Authorities representing the Trump administration have their work cut out for them as they try to convince the 9th U.S. Circuit Court of Appeals that the White House has the authority to end DACA.
The Deferred Action for Childhood Arrivals has protected roughly 700,000 people who were brought to the U.S. illegally as children or came with families that overstayed visas.
In January, a federal judge in San Francisco blocked the Trump administration's decision to end DACA. White House attorneys are now challenging that decision. They want the 9th Circuit to throw out that ruling.
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However, the 9th Circuit is widely considered the most liberal of the U.S. appeals courts, making a Trump administration win unlikely.
The 9th Circuit has ruled against Trump's travel bans and is also considering the president's executive order to cut off funding from so-called sanctuary cities that limit cooperation with federal immigration authorities. Trump has even said he has considered breaking up the court.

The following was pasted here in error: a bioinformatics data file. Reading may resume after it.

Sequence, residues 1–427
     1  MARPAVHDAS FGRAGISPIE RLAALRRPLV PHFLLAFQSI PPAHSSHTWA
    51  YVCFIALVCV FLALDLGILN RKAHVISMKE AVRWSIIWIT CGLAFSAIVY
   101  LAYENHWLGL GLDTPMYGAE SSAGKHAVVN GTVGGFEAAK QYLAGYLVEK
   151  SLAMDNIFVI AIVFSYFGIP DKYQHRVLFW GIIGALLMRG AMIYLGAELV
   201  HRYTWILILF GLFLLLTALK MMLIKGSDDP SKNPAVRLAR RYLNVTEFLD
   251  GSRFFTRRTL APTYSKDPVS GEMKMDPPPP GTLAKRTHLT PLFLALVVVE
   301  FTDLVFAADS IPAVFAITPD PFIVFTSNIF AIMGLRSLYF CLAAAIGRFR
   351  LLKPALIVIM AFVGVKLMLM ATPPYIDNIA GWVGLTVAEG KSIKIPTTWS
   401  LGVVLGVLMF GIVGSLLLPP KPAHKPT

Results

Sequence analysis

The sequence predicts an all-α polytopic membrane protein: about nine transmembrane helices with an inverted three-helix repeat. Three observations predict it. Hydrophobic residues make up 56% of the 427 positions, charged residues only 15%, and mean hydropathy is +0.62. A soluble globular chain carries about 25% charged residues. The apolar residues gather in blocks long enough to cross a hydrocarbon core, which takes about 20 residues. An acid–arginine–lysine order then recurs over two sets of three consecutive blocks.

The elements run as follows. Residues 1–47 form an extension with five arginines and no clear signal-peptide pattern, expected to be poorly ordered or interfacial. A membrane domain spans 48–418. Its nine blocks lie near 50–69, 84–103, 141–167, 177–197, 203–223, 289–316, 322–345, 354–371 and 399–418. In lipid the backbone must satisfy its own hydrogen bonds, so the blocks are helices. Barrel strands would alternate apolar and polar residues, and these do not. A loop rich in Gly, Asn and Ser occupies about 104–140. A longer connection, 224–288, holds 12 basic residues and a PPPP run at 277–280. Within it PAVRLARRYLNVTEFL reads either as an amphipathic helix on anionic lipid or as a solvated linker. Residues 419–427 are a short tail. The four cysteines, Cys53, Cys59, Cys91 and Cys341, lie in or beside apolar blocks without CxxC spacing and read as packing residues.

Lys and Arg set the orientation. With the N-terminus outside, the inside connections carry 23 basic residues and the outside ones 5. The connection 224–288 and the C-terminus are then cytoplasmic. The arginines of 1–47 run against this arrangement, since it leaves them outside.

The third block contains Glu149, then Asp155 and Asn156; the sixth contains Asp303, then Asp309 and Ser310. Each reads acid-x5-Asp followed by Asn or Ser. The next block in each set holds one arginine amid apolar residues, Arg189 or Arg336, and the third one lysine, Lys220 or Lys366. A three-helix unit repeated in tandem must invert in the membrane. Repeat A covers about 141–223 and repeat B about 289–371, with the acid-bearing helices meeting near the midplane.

Legal experts believe the DACA decision appears likely to end up before the U.S. Supreme Court eventually.
The administration has been critical of the 9th Circuit and took the unusual step of trying to sidestep the appeals court and have the California DACA cases heard directly by the Supreme Court.
The high court in February declined to do so.
The appeals court began hearing arguments Tuesday afternoon.
DACA supporters staged a small rally at the Pasadena courthouse.
The Associated Press contributed to this report.